Form E test instrument. They concluded that growth oriented females tended to prefer ventures that provide new and
different experiences with fewer restrictions. Other studies suggest similar levels of autonomy between women and
men entrepreneurs (18; 21; 9; 17).
More recently, Reynold and Miller found "autonomy/independence" to be the major personal objective (44%) when
comparing it to "challenge/pursue idea" (22%) and "income/estate for family" (20%) among white females. These data
were quite similar for minorities and white males in Minnesota and Pennsylvania. Hisrich (23) suggests that in contrast
to men, women entrepreneurs tend to be motivated by independence and achievement arising from job frustration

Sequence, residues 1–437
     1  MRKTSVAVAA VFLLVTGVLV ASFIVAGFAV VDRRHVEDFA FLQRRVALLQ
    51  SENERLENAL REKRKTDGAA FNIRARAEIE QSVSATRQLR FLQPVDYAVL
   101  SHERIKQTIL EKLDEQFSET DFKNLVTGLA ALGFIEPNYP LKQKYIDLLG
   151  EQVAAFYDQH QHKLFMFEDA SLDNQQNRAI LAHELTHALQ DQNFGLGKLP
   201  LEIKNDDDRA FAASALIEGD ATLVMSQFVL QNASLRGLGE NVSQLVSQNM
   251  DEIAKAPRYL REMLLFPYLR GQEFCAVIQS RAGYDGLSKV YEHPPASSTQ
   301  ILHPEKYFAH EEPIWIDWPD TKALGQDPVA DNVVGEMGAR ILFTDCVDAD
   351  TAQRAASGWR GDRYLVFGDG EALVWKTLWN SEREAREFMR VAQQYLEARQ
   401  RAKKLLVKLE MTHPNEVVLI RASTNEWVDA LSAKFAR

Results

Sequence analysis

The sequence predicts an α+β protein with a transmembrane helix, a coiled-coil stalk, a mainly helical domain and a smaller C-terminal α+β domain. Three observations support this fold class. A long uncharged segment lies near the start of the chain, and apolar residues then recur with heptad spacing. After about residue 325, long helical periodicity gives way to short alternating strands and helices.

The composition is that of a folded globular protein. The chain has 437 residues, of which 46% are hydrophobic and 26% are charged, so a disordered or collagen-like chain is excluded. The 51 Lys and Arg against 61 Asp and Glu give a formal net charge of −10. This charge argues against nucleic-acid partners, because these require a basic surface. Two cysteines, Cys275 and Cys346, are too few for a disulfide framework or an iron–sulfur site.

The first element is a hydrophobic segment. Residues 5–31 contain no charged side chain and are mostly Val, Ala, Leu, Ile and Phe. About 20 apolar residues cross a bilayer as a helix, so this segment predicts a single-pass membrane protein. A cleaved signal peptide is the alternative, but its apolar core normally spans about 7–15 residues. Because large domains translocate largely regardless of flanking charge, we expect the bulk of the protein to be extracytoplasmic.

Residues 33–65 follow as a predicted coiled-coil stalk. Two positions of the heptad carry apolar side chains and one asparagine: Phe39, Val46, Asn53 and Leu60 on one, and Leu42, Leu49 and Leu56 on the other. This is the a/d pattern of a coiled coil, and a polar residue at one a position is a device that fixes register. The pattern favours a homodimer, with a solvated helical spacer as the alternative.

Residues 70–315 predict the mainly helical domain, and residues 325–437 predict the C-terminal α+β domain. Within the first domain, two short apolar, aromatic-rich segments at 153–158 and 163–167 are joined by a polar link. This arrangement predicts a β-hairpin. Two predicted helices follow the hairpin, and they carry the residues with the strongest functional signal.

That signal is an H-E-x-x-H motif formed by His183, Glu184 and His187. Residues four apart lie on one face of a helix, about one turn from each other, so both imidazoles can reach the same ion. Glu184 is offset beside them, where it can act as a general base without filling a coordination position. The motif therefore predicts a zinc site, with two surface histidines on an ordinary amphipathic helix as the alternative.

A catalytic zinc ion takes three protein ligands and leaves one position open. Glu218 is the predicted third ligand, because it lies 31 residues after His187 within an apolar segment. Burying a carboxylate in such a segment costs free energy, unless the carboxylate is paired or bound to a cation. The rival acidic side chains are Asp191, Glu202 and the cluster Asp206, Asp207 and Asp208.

where they have not been allowed to advance and perform at a higher managerial level in spite of their capabilities.
The concept of autonomy or independence suggests some kind of detachment from individual's or groups around the
woman entrepreneur. This detachment can take place at several stages in the development and 'career life-cycle of an
individual. The first detachment can take place during adolescence and young adulthood when the young girl separates
herself from her family and establishes her own identity. The second detachment may take place on her job as she
recognizes that she needs to have more control over her destiny in her career and may leave a confining and limiting
position. The constraints upon her autonomy are often a motivating factor in starting her own business.
Miller (33) and Gilligan (15) stress the centrality of affiliation and interpersonal connections of women which they
contrast with autonomy, suggesting that they are at different poles conflicting with each other. By dichotomizing them,
they suggest that autonomy
has no meaning for women but is something beneath them, beyond them or unnatural to them. This is the view of